“Athletes have brains, and they have things they want to see changed,” she said. “I just don’t see how we can live in this world of ours and not talk about the injustice that goes on. It affects everyone. You can choose not to see it or turn the other way, but that does not mean it’s not happening.”
In the classroom, Smith said he has been able to have constructive discussions about the issue by approaching it as any Georgia Tech or Ivan Allen College of Liberal Arts scholar would be expected to do — with rigor and focus.
“What we try to do in the classroom is think through the social and political arguments that are being made by those who support the movement and those who are critical of it,” he said. “But you have to start with the basic facts of the origins of the protest, and of course that requires understanding the role of Black Lives Matter and how that movement erupted in response to police brutality. African-American athletes then, as now, were responding and trying to be constructive.”
“If we don’t listen to everyone involved, people are just reacting based on emotionalism,” he said.
Wyomia Tyus: Groundbreaking Athlete, Influential Advocate
Little known as she may be, Wyomia Tyus was a pathfinder.
Former Georgia Tech football coach Bill Curry, who helped introduce Tyus at her recent Georgia Tech appearance organized by the Sports, Society, and Technology Program, called her “one of the great, great achievers in the history of American sport.” Ivan Allen College of Liberal Arts Dean Jacqueline Royster called her “someone I have admired all of my life.”
“She was a pioneer in women’s athletics, but also an advocate for global human rights at a time of volatility in the 1960s,” said Mary McDonald, the Homer C. Rice Chair in Sports and Society.
Tyus was an elite female athlete in an age when few opportunities in sports existed for girls and women. Emerging from the legendary track and field program at historically black Tennessee State University, Tyus won a surprise spot on the 1964 Olympic team and took home her first gold medal in the 100-meter dash.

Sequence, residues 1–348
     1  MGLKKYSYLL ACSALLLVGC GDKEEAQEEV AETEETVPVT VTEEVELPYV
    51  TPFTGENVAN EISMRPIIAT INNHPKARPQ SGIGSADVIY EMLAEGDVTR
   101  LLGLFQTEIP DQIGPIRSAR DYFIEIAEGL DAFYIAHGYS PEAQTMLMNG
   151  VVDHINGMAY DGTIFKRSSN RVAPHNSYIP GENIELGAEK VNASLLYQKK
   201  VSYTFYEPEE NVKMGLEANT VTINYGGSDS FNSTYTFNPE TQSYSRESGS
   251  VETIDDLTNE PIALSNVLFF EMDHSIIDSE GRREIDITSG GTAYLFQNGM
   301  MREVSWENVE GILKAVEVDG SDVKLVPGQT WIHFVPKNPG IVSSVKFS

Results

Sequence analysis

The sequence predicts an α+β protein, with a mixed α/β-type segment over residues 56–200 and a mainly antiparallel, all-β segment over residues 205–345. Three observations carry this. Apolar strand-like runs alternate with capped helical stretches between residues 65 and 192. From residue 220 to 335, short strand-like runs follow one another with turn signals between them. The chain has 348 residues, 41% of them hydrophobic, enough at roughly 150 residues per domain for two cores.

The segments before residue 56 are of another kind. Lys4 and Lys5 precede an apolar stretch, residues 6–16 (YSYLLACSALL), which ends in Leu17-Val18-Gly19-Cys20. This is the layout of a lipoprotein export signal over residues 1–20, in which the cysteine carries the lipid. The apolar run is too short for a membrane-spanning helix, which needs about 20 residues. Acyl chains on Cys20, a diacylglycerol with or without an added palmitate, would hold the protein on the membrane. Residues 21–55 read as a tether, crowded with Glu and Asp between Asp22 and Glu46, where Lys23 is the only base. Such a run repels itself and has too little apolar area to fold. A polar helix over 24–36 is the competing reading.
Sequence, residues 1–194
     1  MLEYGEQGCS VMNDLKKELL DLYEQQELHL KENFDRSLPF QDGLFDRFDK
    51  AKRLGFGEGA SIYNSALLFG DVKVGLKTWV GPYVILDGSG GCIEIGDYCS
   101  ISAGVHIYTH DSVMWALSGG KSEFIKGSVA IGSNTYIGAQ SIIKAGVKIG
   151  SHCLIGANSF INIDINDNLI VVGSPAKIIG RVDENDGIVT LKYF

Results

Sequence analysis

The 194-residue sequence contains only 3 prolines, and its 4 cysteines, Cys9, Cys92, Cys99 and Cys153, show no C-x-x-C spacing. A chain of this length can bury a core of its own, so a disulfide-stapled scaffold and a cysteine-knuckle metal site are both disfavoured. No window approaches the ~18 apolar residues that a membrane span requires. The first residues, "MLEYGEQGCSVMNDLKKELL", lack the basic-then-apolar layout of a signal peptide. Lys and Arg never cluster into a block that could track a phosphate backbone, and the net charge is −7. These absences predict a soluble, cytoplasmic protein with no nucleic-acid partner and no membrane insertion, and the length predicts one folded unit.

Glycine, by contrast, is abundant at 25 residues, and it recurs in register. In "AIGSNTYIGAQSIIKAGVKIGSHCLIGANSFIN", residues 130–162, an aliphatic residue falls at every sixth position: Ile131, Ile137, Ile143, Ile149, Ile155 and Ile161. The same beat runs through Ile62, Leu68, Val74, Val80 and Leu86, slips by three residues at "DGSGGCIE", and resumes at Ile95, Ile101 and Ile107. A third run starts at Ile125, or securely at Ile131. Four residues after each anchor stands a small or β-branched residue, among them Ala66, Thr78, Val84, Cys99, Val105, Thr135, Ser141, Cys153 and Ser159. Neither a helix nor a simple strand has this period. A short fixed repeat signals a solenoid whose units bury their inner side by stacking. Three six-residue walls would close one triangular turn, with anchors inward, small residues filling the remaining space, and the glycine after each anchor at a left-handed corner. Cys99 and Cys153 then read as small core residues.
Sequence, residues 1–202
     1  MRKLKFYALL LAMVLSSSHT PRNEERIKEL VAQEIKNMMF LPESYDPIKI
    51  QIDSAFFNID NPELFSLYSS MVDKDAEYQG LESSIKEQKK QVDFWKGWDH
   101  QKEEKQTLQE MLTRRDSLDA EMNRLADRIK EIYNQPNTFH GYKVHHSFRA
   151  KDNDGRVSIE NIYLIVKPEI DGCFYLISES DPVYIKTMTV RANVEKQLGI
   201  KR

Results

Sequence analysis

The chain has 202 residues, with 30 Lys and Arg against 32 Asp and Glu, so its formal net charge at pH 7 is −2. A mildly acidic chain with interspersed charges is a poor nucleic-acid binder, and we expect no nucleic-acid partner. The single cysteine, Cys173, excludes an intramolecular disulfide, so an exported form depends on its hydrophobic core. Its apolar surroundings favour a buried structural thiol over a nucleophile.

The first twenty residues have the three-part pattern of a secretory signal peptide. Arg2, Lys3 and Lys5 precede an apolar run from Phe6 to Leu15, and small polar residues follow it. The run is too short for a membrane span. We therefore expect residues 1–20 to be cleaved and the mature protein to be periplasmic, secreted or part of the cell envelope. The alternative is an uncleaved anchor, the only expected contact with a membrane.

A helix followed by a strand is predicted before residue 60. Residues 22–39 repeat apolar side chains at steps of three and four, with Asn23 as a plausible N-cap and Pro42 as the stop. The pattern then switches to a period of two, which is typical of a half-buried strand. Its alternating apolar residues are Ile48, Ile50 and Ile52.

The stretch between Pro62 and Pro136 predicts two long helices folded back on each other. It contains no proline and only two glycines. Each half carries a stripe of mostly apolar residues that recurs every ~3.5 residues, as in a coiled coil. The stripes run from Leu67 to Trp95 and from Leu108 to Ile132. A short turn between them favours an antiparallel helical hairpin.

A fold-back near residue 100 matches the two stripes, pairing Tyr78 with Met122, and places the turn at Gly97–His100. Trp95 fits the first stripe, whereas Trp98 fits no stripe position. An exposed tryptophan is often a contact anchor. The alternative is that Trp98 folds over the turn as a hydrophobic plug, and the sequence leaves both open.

In 1968, she became the first athlete to win gold in that event in consecutive games. She earned the honor at games initially targeted for boycott by the Olympic Project for Human Rights, but which would eventually become the platform for the iconic protest by U.S. Olympians Tommie Smith and John Carlos.
When they were ejected from the Olympic Village over the protest, Tyus staged a quiet rebellion of her own, donning black shorts instead of the team-issue white ones, for her second gold-medal winning race. She dedicated her win to her teammates.
That support came even though she and other female athletes were, ironically, shut out of the discussions of the male-dominated Olympic Project for Human Rights.
“They just never talked to us. But it didn’t deter me, in fact I think it made me a lot stronger,” said Tyus.
Tyus is prominently honored as a member of the Georgia Sports Hall of Fame, the National Track and Field Hall of Fame, and the U.S. Olympic Hall of Fame.
She is a founding member of the Women’s Sports Foundation created by tennis player Billie Jean King, whose famous “Battle of the Sexes” tennis match with a male player, Bobby Riggs, helped push the issue of gender equity in sports to the forefront of American consciousness.
She has advice for girls and young women, especially athletes, trying to find their purpose.
“The main thing is you have to be happy with yourself. Being a strong woman, there’s nothing wrong with that. And if there’s a cause you believe in, you should fight for that cause,” she said. “People may know you as an athlete for the rest of your life, but you still have more to offer.”
SST Minor Aids Student’s Career Search
Marissa Chen, a third-year industrial engineering major, began taking Sports, Society, and Technology classes as a way to rekindle her passion for sports, despite not having the athletic chops to compete at the college level.
She said she has been impressed by the interdisciplinary nature of the program.
“The classes I've taken for this minor have covered such a wide range of topics from anti-doping to stadium design to genetics,” she said. “Even within each class, the professors I've had thus far have all been extremely collaborative. This to me really stressed the importance of approaching this industry with an interdisciplinary mindset.”
She recently completed a 6-month internship with Adidas Global Operations at their sourcing headquarters in Hong Kong.
“Before college, I definitely was not aware of how many options I had to combine something I always saw as a side passion or hobby with my academic studies,” Chen said. “This internship was a great integration of my passion for sports and my industrial engineering degree and really proved to me that there are plenty of ways that the two intersect."
“I'm very thankful that Tech offers this unique minor because I would not have thought to venture in this direction in my career search,” she said.